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Conversation with a Neighbor

On my way to the office one day this week I saw a neighbor walking with his wife. I stopped to say “hello” and our conversation got around to church. He shared some concerns he had about his church and I said to him that the problems he was describing were common, much the same everywhere and similar to ones that we face. My neighbor’s church is a United Methodist congregation and all of the so called “Mainline Churches” are facing the same issues. If there is one thing I have learned in over 40 years of being a pastor it is that most the issues we face are “global” or “cultural”, external to what we do or don’t do within our own congregation. Cultural forces are at play.

My neighbor mentioned attendance was down below a 100 and he could remember back in the 1960’s when they were setting up chairs in the aisle with great expectations of growing. The growth went backwards. Unlike our congregation they are smaller, much smaller than they were in the past and unlike our congregation they face a huge mortgage each month putting lots of pressure on them with finances.

During the conversation there were several common experiences that I want to share. One of the issues we shared in common is that attendance is a problem exasperated by sports clubs and youth teams now scheduling events, games and leagues on Sunday morning. It seems like parents increasingly make the value choice that basketball games or soccer practices or football games or swim club or whatever the current sport of the season is takes precedence over church. I’m reminded of the time when our then eight year old daughter Beth was in a select Cross Country program and had lots of meets on Sunday morning. I asked her if she knew what that meant and she said “yeah, I’m going to be missing a lot of church”. I told her “no, it meant she was going to miss a lot of meets”. I can’t make the choice for our parents but if sports takes precedence over church I think we cheat our children out of the best for something of much less value. It’s a poor bargain when we give our kids sports over faith, teaching them value choices they will make the rest of their lives. And this is coming from someone who loves sports, has participated in sports all his life and found much to love in sports. But, when all is said and done, I know what it means when sports comes into conflict with church – it means my children are going to be in church.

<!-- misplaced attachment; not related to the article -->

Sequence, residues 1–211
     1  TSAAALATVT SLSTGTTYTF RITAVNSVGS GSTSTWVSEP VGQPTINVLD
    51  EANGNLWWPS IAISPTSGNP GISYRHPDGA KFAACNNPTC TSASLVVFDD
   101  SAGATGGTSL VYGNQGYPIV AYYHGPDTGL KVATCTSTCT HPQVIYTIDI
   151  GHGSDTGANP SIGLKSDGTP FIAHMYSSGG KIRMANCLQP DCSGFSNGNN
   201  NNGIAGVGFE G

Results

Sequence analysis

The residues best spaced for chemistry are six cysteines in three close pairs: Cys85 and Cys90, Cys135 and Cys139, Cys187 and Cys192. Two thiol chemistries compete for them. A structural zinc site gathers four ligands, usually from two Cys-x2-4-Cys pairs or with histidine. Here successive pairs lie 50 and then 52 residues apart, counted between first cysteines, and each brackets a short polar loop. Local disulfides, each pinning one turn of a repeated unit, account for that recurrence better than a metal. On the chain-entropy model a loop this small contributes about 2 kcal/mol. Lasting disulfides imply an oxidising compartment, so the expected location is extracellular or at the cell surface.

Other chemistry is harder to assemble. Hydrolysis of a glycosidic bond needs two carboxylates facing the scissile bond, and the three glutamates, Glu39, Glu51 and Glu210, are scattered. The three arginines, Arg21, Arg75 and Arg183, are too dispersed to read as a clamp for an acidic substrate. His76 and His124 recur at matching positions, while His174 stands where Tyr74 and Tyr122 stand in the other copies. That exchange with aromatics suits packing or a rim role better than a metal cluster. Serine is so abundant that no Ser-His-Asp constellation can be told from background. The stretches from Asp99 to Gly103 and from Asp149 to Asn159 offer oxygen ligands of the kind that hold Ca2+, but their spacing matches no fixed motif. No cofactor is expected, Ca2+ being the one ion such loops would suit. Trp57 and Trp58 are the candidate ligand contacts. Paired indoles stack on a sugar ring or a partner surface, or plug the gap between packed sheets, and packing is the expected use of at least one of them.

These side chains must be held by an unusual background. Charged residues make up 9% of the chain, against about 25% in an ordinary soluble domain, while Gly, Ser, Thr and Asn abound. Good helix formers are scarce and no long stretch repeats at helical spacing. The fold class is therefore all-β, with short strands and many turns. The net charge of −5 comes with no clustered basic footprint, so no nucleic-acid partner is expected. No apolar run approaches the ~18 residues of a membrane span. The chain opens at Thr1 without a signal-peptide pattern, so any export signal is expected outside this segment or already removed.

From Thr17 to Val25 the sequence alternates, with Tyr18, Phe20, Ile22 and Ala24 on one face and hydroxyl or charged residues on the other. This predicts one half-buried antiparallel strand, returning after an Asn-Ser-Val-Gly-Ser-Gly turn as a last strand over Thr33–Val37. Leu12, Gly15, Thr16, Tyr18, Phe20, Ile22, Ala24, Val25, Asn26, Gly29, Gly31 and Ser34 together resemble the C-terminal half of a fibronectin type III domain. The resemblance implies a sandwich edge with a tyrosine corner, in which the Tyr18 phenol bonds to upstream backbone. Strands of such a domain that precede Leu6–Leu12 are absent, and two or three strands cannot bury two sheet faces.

What’s your choice? It’s your call; but, just remember – It’s your children’s hearts and souls.